By Emily Erickson
Recently, several bills have been making headlines across the country and in Idaho. Their wording seems to have a way of skirting around each bill’s purpose, encapsulating their intent in benign phrases and ambiguous messaging. But, sometimes, some things are better when they’re put plainly — peeling back the layers of semantics to expose the raw reality within.
One such piece of legislation is Senate Bill 202, which Georgia lawmakers recently approved as The Election Integrity Act of 2021. The bill’s directive is to comprehensively revise elections and voting within Georgia in a supposed attempt to bolster election confidence among constituents. Its contents described revisions like reducing the number of usable drop boxes for absentee ballots and imposing more stringent voter identification requirements — like needing a state-issued ID to request or return a ballot. It restricts who can vote with provisional ballots and, most notably, makes it a misdemeanor to give away food or water within 150 feet of the outer edge of a polling place building or within 25 feet of any voter standing in line waiting to cast their ballot.
When peeling back the language, however, this legislation is clearly geared toward restricting who can vote and how easily they can cast their ballots. With efforts like withholding sustenance from people required to stand in historically long, brutal voter lines, and reducing the availability of absentee voting, the amount of people likely to turn out to vote is diminished. Put even more plainly, if candidates have to suppress voters to earn their seats, we should stop calling this whole thing a democracy.
Another bill, designated as RS 228, was pushed through the Idaho House and Senate and is pending passage until legislators reconvene on April 6.
RS 228 aims to prohibit Idaho public schools from teaching racist or sexist concepts in their classrooms. Specifically, schools would be barred from teaching: “One race [or] sex is superior to another; An individual is inherently racist, sexist, or oppressive because of their race or sex, ‘whether consciously or unconsciously’; An individual bears responsibility for actions committed in the past by individuals of the same sex or race past by members of the same race or sex; Merit-based systems are racist or sexist; and Idaho or the United States are ‘fundamentally racist or sexist.’”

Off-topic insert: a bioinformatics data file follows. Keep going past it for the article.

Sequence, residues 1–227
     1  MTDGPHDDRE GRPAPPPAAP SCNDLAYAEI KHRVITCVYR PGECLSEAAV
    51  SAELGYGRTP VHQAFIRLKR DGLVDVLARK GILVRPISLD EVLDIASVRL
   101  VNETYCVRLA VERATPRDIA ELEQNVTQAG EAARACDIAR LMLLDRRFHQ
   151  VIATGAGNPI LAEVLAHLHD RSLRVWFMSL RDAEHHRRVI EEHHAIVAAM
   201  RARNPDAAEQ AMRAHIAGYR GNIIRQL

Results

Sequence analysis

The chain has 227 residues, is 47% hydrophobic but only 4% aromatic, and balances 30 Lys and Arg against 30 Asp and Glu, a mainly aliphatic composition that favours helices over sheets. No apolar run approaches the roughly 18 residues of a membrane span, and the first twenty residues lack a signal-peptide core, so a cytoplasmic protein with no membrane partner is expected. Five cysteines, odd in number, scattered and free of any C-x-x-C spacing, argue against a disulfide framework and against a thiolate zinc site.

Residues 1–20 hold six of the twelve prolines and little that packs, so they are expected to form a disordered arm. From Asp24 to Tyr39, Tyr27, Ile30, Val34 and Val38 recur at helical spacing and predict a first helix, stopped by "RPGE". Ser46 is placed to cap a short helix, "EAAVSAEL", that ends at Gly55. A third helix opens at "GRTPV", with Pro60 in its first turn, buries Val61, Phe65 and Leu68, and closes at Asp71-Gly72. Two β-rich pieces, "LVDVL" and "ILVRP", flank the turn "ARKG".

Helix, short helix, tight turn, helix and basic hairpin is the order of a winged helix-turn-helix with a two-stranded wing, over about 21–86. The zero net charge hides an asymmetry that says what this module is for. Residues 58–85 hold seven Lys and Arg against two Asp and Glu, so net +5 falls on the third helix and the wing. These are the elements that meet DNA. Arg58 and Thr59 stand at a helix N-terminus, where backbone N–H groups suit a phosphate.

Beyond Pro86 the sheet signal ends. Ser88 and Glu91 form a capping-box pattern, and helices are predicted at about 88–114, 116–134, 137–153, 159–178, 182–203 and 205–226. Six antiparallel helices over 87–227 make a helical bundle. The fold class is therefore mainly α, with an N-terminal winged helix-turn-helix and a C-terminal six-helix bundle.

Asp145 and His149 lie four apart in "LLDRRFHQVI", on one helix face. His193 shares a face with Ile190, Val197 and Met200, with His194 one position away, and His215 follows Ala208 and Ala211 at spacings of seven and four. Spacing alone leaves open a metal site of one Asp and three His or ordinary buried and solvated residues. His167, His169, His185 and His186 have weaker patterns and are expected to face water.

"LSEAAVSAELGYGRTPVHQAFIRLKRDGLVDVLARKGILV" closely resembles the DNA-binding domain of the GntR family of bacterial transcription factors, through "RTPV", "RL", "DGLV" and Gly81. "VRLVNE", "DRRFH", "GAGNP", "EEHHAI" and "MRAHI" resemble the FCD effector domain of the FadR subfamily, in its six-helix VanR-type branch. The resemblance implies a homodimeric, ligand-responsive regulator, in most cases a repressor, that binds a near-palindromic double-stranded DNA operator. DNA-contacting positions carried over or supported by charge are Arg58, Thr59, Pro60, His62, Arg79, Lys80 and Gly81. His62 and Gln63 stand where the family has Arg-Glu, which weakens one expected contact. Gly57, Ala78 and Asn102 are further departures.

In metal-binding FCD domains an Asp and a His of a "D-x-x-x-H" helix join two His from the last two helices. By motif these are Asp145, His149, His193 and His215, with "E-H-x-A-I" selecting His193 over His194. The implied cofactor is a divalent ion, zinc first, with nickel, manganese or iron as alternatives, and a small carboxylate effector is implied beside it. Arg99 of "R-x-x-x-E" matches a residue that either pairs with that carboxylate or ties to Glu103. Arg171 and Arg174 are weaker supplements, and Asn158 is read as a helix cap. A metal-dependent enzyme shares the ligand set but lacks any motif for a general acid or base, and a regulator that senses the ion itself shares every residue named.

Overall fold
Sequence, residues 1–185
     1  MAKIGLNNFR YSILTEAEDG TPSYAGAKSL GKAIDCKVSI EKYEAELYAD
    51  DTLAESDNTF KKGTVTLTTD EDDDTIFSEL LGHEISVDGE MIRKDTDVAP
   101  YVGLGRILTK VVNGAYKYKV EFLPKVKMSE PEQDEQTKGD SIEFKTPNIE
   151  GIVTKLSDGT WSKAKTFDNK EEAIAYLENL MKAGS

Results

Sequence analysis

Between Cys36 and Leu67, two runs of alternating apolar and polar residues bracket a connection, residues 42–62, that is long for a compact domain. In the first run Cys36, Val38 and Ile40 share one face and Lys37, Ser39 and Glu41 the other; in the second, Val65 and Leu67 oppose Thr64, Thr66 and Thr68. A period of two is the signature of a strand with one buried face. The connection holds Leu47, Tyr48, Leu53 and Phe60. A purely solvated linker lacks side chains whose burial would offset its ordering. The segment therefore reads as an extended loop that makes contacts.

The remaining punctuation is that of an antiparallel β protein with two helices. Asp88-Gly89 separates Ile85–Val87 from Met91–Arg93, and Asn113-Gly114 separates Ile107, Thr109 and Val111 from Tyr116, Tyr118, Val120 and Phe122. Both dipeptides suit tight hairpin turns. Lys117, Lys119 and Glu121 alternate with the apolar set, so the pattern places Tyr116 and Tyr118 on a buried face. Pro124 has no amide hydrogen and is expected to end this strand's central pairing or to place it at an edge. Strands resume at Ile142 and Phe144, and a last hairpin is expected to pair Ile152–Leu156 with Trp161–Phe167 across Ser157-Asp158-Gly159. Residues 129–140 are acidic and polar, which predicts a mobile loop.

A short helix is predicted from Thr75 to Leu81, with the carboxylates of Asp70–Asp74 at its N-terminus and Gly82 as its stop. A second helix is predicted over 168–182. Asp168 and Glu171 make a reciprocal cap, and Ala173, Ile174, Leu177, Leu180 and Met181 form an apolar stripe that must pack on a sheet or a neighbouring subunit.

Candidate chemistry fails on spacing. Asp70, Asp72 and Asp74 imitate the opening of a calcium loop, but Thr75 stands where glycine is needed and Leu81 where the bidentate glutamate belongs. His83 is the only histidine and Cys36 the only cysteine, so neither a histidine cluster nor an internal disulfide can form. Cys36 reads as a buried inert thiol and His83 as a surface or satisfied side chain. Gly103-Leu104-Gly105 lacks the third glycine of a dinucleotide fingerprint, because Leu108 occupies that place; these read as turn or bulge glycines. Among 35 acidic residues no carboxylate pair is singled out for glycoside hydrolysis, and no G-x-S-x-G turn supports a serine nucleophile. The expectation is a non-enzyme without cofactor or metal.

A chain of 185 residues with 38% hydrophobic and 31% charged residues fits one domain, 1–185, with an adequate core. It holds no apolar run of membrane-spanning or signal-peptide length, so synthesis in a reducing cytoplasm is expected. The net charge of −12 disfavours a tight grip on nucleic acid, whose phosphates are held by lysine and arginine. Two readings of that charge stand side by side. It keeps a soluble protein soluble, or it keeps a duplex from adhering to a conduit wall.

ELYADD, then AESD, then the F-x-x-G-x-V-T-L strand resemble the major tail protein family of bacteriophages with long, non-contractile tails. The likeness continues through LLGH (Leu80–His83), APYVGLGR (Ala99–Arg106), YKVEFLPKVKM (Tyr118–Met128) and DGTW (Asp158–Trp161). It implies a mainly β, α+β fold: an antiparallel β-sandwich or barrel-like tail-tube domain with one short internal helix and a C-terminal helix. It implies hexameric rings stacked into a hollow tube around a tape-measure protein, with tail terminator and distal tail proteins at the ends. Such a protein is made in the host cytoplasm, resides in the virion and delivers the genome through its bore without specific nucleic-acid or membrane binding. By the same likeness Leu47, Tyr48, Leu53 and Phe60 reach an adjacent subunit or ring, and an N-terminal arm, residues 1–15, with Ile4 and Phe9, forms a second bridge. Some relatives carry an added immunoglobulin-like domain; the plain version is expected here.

The bill further stipulates, “Any school that teaches these topics to students will have its funds withheld by the Board of Education.”
When you break down the kinds of lessons this bill is challenging, the repercussions become clear. If we do not hold space for nuanced education about oppression, or talk to students about our current role (unconscious or otherwise) in upholding the systems we’ve built on top of exploitation, we cannot accurately teach them about racism or sexism at all. Concepts like privilege, bias and reparations will become taboo, reducing the scope of what students can learn to half-truths and convenient partial histories. In this limited education, without accurate depictions of our complicated past, there’s nothing standing in the way of us making the same mistakes again.
Finally, SB 1110 is an Idaho Bill aimed at restricting citizen-led ballot initiatives and referendums. SB 1110 would increase the number of signatures required to qualify an initiative as ballot-worthy from 6% of eligible voters of 18 districts to 6% of all 35 districts.
This bill was proposed, despite very few initiatives making the ballot since the 18-district requirement was established in 2013. Luke Mayville in the March 20 Reclaim Idaho newsletter explained, “In the eight years since [the 2013 bill was passed], 15 initiatives have been attempted and only two made the ballot. Thirteen of 15 attempts were blocked under the current rules.”
More simply, SB 1110 is an effort to make the path to citizen-led initiatives more difficult, consequently reducing the public’s ability to participate in our own government.
As a lover of words and a believer in the potential they have to do good, I also recognize their ability to be manipulated; to say one thing while really meaning another. And it’s in these semantics that intentions can get lost, causing widespread repercussions that are difficult to reverse.
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